Kyotastrophe - the Kyoto Protocol’s Inequitable Failure


Rising temperatures. Wild hurricanes. Severe droughts. Disappearing shorelines. Shrinking ice caps. Climate change is an urgent test presented to every person living on the planet—and right now, we are failing. Unlike two decades ago, when a true/false response could withstand electoral pressures, political leaders today are expected to have answers to a far more intimidating question: What should we do to reduce the speed of climate change? In 1997, world leaders proposed a solution to this question. Government representatives from 170 states convened, and negotiated their way to form a single plan of action: the Kyoto Protocol. The Protocol called for thirty-eight states to reduce greenhouse gases emissions to 5 percent below their emission levels in 1990 between 2008 and 2012. But not all 38 committed to the plan, as the United States never ended up ratifying the agreement and Canada withdrew from the Protocol days prior to the end of the first commitment period.

Fundamental to the Protocol’s design was the classification of states into “Annex B” and “non-Annex B” states. Only the 38 states listed as Annex B were given quantifiable reduction targets, whereas the non-Annex B states had no obligation except to cooperate with Annex B states for technological, educational, and research purposes. As a result of this categorization, a decision to ratify the Protocol was meaningfully different for an Annex B state and a non-Annex B state; the former was required to voluntarily submit to reduce emission, the latter only to make a nominal pledge to the cause. As a consequence of the classification, the Protocol was acutely limited in scope, despite its impressive, near universal membership.

The Annex B states were not chosen at random. They were the world’s most developed economies and were responsible in 1990 for at least 55 percent of global emissions. The Protocol did not impose comprehensive reduction goals partly because the negotiating governments presumed that a global solution to climate change should be fair. Given that “the largest share of historical and current global emissions of greenhouse gases has originated in developed countries,” the world leaders acknowledged that the developed countries should be held more responsible for causing and remedying the effects of climate change. Underlying the logic for classification was also the understanding that developing countries would face “special difficulties” in complying with the reduction standards.

“Common but differentiated responsibility” encapsulates the notion that climate change is a shared burden for all, but it is distributed unequally. This phrase was derived from the Protocol’s predecessor, the United Nations Framework Convention on Climate Change (UNFCCC). Though it was an ineffective law that lacked enforcement mechanism and material goals, the UNFCCC passed down the controversial legacy of country classification to the Kyoto Protocol.

The trouble began when “differentiated” was emphasized more than “common.” Despite theoretically sharing at least a little bit of responsibility, non-Annex B states were not subjected to any material obligation. A realistic look at the Protocol yields the unfortunate conclusion that developed countries became the only ones considered responsible for and capable of reducing climate change effects.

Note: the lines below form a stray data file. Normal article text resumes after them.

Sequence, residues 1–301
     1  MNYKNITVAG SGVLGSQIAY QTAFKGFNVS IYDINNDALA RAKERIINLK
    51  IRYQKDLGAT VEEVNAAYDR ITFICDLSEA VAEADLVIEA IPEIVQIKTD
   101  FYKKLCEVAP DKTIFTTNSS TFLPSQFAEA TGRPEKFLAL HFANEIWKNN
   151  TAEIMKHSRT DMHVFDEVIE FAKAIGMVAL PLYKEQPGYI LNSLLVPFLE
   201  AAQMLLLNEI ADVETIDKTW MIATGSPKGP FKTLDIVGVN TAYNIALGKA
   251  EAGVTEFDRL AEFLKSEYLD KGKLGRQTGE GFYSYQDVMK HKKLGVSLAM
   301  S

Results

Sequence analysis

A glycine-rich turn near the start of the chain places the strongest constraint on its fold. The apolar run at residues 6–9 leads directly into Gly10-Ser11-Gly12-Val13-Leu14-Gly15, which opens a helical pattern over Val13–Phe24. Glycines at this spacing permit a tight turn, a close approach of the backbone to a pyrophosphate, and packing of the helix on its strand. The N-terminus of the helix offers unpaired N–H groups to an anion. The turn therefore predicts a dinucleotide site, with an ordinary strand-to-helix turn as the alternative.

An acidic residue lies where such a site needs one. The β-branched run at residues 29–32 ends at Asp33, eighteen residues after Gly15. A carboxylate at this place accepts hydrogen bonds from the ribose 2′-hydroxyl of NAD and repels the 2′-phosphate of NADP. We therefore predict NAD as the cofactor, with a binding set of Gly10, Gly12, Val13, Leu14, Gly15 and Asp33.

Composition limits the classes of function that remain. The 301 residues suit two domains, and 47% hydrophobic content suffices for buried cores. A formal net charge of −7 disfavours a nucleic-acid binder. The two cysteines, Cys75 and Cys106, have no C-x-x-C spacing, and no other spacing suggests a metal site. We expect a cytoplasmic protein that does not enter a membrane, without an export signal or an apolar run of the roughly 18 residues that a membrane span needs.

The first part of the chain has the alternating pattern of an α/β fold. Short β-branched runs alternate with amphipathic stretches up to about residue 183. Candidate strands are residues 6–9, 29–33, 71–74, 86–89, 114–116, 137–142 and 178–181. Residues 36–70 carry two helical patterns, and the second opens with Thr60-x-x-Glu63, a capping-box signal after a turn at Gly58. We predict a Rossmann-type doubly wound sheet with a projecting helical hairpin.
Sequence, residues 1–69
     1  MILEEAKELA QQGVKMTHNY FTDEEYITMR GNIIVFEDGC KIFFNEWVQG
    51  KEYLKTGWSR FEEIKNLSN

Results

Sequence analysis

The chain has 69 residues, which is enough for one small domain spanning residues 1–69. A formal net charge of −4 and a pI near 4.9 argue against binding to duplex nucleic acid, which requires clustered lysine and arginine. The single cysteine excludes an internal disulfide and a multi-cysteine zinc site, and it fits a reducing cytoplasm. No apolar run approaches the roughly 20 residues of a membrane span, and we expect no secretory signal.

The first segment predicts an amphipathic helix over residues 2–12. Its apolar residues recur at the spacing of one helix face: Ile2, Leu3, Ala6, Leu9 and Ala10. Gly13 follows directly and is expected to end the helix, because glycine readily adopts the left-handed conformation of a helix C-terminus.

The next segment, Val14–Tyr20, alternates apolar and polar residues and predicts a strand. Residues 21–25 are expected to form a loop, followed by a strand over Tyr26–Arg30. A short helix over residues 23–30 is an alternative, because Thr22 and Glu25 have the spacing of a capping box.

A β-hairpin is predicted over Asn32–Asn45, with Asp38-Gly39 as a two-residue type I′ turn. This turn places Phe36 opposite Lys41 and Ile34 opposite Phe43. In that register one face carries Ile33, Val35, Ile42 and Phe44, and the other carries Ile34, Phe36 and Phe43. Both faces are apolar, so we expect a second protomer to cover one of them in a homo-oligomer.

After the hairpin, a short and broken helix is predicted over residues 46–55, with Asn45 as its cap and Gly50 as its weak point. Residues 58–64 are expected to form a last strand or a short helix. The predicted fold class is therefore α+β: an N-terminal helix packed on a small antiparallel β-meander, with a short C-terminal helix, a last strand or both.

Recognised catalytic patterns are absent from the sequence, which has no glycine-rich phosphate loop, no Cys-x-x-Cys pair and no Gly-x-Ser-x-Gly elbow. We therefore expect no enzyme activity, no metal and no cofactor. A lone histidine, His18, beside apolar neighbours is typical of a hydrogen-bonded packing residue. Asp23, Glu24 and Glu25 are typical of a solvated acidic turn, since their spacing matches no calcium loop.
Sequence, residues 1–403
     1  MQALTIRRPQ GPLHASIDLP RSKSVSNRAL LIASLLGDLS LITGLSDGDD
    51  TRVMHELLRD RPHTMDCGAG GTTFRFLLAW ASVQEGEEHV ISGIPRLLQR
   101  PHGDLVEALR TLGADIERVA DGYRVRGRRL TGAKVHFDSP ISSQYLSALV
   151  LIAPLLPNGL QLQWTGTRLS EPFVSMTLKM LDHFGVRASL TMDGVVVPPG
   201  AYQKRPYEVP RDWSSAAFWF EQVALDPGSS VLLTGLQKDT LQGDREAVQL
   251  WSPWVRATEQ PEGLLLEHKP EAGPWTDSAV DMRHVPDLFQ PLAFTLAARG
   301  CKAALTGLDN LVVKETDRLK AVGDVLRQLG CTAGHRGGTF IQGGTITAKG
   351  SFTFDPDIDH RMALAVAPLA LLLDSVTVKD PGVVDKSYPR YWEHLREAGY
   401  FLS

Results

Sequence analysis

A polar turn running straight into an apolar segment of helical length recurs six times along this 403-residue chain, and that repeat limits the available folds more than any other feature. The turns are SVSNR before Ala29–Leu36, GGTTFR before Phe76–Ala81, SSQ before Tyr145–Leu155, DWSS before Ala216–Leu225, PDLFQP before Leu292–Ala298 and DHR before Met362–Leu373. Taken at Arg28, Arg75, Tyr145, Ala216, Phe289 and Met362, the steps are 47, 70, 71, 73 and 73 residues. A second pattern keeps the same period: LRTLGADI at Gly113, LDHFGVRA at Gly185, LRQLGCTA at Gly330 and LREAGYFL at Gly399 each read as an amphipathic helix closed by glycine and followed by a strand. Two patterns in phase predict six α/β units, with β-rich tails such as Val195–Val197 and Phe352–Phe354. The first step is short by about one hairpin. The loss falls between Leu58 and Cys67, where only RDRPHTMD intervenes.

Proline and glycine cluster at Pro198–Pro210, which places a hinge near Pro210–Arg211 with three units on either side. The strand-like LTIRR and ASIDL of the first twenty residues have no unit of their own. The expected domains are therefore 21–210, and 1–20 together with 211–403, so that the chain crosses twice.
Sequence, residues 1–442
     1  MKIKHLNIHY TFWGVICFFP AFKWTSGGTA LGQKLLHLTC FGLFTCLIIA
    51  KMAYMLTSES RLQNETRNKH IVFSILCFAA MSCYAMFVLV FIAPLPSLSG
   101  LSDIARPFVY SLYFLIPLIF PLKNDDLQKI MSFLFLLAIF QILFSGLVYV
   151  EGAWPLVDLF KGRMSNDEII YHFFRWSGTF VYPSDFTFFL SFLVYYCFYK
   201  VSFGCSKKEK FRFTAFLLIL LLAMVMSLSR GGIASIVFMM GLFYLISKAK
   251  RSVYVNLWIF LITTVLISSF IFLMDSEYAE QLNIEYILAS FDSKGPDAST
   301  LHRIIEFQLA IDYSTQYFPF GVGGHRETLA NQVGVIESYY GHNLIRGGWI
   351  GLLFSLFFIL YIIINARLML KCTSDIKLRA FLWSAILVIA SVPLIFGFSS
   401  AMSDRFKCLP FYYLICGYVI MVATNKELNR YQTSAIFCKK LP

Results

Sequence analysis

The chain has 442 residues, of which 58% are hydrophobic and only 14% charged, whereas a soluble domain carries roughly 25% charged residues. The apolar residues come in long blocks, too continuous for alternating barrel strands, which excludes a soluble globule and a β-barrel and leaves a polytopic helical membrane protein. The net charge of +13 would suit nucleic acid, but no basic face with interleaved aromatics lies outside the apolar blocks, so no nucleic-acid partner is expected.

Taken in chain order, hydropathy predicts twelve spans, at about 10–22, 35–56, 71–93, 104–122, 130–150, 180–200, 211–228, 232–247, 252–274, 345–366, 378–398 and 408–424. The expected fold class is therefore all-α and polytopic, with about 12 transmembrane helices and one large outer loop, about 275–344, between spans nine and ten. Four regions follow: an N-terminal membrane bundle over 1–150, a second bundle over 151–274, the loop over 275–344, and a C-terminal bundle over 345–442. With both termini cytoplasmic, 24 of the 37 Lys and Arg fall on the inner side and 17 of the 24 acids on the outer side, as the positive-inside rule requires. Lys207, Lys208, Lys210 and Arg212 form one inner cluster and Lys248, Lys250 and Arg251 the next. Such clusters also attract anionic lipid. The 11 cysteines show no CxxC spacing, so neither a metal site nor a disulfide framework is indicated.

Post-Kyoto, there was both good and bad news. The good news was that the thirty-six compliant Annex B states exceeded the 5 percent expectation, and achieved a total of 22 percent reduction from the 1990 emission levels. The bad news was that none of the top emitters in 2012 were among those 36 countries. Instead, the top 3 emitters, collectively responsible for 51 percent of the world’s emissions, were China (29 percent), the United States (16 percent) and India (6 percent).

In hindsight, the Kyoto Protocol was a poor solution. It failed to reduce global carbon emissions, which have caused atmospheric levels to reach 400 parts per million (ppm) today and to continue to increase at a rate of 2 ppm every year. To highlight the gravity of these numbers, Dr. James Hansen, the nation’s leading climatology expert, stated unequivocally in 2008 that a level of 385 ppm is “incompatible with the continuance of life on Earth as we know it.” In other words, we have sped past all warning signs and still have yet to figure out a way to slow down the train.

So why did the Kyoto Protocol fail? Two camps of critics can be identified: the framework supporters and the framework denouncers. To the framework supporters, the Protocol was a good plan that did not include enough or the appropriate Annex B participants. These critics believe in mandatory reduction targets as crucial to the goal of constraining global emissions. They emphasize the necessity of placing the top three emitters under strict reduction goals. To them, the fact that thirty-six Annex B states surpassed the original expectations proves the effectiveness of the Protocol’s compliance mechanism.

The second camp of critics says that the Protocol was a bad plan and should be abandoned. These framework denouncers believe that the thirty-six Annex B states’ compliance was coincidental, and emphasize several alternative factors to explain the overachievement. First, before 1997, transitional economies reduced emissions following the collapse of the Soviet Union. Second, the non-participation of the US and Canada skewed evaluations of the treaty’s outcome. Third, the 2008-2009 international economic crisis decreased emissions. They opine that the Kyoto Protocol was far from effective and that there must be a radical departure from the 1997 illusion that all states should participate in one plan. Specifically, these critics raise the following provocative questions: